Sleep is essential for everyone and especially those with existing conditions. In addition, the lack of sleep can play a role in other chronic conditions such as Alzheimer’s, cancer, heart disease, depression, obesity, diabetes, and other chronic illnesses. Suffice it to say, those with pre-existing conditions need more sleep than those without existing health conditions.
Sleeping well with a chronic illness is critical in managing our body, mind, and spirit. Sleep repairs our damaged cells and gives us the energy we need to perform daily activities, face challenges, and make wise decisions. Think of sleep as deep cleaning and washing cycle for your mind and body. You are clean, renewed, and refreshed when you wake up after a good night’s sleep.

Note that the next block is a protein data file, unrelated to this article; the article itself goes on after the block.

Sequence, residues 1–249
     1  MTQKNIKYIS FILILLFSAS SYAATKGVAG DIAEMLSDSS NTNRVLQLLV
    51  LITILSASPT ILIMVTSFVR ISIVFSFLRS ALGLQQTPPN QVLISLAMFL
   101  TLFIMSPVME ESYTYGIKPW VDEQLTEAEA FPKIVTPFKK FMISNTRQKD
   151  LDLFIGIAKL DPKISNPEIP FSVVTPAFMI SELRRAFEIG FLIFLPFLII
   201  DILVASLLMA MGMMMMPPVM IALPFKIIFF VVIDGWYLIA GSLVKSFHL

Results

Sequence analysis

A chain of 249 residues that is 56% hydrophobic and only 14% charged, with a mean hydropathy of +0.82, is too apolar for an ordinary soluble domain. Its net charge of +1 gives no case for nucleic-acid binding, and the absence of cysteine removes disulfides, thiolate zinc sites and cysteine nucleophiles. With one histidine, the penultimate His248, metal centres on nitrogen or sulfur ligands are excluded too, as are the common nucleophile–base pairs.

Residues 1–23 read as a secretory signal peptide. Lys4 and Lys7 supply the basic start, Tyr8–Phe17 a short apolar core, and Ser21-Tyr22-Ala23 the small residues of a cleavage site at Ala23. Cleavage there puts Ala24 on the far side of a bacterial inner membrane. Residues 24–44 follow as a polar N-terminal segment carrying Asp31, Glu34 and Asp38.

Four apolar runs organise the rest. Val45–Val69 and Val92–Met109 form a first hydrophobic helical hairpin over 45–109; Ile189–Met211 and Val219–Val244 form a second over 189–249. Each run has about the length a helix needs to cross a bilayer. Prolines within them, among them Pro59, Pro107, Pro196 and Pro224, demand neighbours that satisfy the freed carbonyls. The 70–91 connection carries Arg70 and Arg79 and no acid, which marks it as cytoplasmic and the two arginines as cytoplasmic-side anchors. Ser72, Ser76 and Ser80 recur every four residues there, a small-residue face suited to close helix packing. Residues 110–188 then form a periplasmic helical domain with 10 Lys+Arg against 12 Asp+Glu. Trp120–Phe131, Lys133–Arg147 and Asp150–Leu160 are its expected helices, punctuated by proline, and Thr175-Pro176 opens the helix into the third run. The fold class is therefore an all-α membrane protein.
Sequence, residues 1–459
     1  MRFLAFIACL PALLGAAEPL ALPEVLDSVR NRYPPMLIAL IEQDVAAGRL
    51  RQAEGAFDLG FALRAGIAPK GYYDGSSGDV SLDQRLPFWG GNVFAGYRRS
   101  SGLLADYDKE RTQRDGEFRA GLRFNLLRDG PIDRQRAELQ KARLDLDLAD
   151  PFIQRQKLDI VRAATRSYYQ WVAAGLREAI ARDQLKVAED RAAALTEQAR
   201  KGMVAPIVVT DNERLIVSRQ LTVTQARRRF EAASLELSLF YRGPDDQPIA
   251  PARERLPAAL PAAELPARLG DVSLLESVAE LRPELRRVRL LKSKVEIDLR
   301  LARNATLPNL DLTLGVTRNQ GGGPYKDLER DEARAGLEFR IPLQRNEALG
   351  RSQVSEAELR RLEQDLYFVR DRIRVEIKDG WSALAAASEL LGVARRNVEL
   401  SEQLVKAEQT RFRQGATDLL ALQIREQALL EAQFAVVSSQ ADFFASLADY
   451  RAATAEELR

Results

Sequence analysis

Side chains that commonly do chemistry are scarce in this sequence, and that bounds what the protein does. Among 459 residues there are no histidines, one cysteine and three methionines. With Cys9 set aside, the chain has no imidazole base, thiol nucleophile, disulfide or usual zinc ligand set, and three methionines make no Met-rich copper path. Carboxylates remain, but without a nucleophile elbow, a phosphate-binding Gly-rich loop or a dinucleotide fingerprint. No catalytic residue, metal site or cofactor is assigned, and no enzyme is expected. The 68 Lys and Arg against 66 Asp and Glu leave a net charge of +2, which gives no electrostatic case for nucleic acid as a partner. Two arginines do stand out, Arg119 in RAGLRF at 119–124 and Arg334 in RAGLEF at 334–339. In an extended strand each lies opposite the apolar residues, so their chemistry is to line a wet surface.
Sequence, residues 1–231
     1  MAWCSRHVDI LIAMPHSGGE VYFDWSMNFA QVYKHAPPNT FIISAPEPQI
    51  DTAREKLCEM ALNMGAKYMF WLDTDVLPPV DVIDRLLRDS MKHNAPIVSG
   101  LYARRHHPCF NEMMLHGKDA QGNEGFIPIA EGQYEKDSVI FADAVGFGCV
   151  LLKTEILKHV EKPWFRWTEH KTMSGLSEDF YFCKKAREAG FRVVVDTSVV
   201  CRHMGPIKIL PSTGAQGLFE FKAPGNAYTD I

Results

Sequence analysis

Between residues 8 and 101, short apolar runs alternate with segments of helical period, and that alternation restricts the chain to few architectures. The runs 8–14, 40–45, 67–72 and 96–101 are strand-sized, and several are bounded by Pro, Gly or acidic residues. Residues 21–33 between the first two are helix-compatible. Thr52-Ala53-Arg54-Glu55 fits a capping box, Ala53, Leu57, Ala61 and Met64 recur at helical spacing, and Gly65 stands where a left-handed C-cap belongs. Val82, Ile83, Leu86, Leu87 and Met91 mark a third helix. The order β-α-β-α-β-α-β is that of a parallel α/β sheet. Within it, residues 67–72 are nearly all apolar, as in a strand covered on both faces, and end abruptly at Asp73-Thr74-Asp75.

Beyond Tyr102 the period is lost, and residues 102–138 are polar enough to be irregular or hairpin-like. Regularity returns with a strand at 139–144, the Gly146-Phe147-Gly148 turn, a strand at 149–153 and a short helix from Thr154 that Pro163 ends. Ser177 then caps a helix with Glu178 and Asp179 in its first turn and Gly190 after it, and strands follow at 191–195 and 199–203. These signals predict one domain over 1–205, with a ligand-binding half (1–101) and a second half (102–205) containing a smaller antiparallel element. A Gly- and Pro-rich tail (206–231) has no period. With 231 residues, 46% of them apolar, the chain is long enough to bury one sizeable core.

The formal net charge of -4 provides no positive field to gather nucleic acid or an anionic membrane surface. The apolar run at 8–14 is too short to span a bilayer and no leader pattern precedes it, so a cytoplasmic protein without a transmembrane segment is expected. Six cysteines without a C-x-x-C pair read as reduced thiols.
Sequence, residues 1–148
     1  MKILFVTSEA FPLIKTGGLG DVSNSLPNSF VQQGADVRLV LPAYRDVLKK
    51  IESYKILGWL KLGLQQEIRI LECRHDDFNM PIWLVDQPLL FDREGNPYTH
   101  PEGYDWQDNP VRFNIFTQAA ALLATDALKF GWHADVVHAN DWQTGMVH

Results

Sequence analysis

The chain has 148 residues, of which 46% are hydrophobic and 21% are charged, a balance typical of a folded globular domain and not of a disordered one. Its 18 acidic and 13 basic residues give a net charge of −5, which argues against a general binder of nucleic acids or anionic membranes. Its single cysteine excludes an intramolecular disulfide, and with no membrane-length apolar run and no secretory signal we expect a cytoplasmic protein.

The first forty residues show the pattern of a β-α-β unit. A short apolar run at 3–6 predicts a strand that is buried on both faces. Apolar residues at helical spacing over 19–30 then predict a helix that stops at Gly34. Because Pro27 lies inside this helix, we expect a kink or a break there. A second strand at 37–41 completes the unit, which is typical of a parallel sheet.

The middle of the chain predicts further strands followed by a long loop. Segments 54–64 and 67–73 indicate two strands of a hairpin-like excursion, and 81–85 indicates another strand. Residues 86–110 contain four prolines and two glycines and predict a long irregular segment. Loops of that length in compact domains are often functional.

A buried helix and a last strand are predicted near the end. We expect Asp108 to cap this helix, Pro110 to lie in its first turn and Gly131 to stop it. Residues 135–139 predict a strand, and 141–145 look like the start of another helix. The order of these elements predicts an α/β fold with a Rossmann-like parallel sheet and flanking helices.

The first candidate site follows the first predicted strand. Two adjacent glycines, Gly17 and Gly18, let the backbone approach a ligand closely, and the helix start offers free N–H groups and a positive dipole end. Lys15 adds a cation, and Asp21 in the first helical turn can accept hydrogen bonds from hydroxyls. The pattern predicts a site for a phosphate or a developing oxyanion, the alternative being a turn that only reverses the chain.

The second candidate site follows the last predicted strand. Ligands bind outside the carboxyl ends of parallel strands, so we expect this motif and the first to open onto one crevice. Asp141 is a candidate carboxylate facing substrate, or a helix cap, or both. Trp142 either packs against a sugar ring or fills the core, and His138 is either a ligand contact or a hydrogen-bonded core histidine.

Is it a lack of sleep or fatigue
In my example above, was I suffering from lack of sleep or fatigue caused by something other than lack of sleep? I was feeling drained and burned out. Having to face my day was an exhausting feeling that had nothing to do with inadequate sleep.
I was suffering from anxiety and depression around the stress I had to manage throughout the day. I say this to point out that people who suffer from autoimmune diseases or chronic illnesses suffer from fatigue caused by lack of sleep or many other factors.
Sometimes we may do well with our sleep, but daily challenges can disrupt how we perceive our tiredness. However, prioritizing your sleep is one of the ways you can self-manage your autoimmune or chronic illness. Just remember to practice managing both your sleep and fatigue. Please check out other posts about healthy living with autoimmune disease.